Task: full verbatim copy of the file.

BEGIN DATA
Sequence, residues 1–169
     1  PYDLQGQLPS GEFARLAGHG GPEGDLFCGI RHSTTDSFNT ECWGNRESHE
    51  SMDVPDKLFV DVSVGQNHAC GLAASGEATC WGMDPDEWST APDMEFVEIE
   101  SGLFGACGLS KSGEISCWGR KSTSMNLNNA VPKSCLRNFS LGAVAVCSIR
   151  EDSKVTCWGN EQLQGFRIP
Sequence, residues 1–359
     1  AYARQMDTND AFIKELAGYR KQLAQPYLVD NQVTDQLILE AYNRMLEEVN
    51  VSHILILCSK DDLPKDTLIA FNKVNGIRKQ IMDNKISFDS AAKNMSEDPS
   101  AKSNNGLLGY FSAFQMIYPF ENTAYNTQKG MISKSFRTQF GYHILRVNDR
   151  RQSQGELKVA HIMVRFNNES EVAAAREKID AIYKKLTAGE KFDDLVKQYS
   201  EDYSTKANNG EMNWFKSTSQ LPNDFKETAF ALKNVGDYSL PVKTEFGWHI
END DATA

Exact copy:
Sequence, residues 1–169
     1  PYDLQGQLPS GEFARLAGHG GPEGDLFCGI RHSTTDSFNT ECWGNRESHE
    51  SMDVPDKLFV DVSVGQNHAC GLAASGEATC WGMDPDEWST APDMEFVEIE
   101  SGLFGACGLS KSGEISCWGR KSTSMNLNNA VPKSCLRNFS LGAVAVCSIR
   151  EDSKVTCWGN EQLQGFRIP
Sequence, residues 1–359
     1  AYARQMDTND AFIKELAGYR KQLAQPYLVD NQVTDQLILE AYNRMLEEVN
    51  VSHILILCSK DDLPKDTLIA FNKVNGIRKQ IMDNKISFDS AAKNMSEDPS
   101  AKSNNGLLGY FSAFQMIYPF ENTAYNTQKG MISKSFRTQF GYHILRVNDR
   151  RQSQGELKVA HIMVRFNNES EVAAAREKID AIYKKLTAGE KFDDLVKQYS
   201  EDYSTKANNG EMNWFKSTSQ LPNDFKETAF ALKNVGDYSL PVKTEFGWHI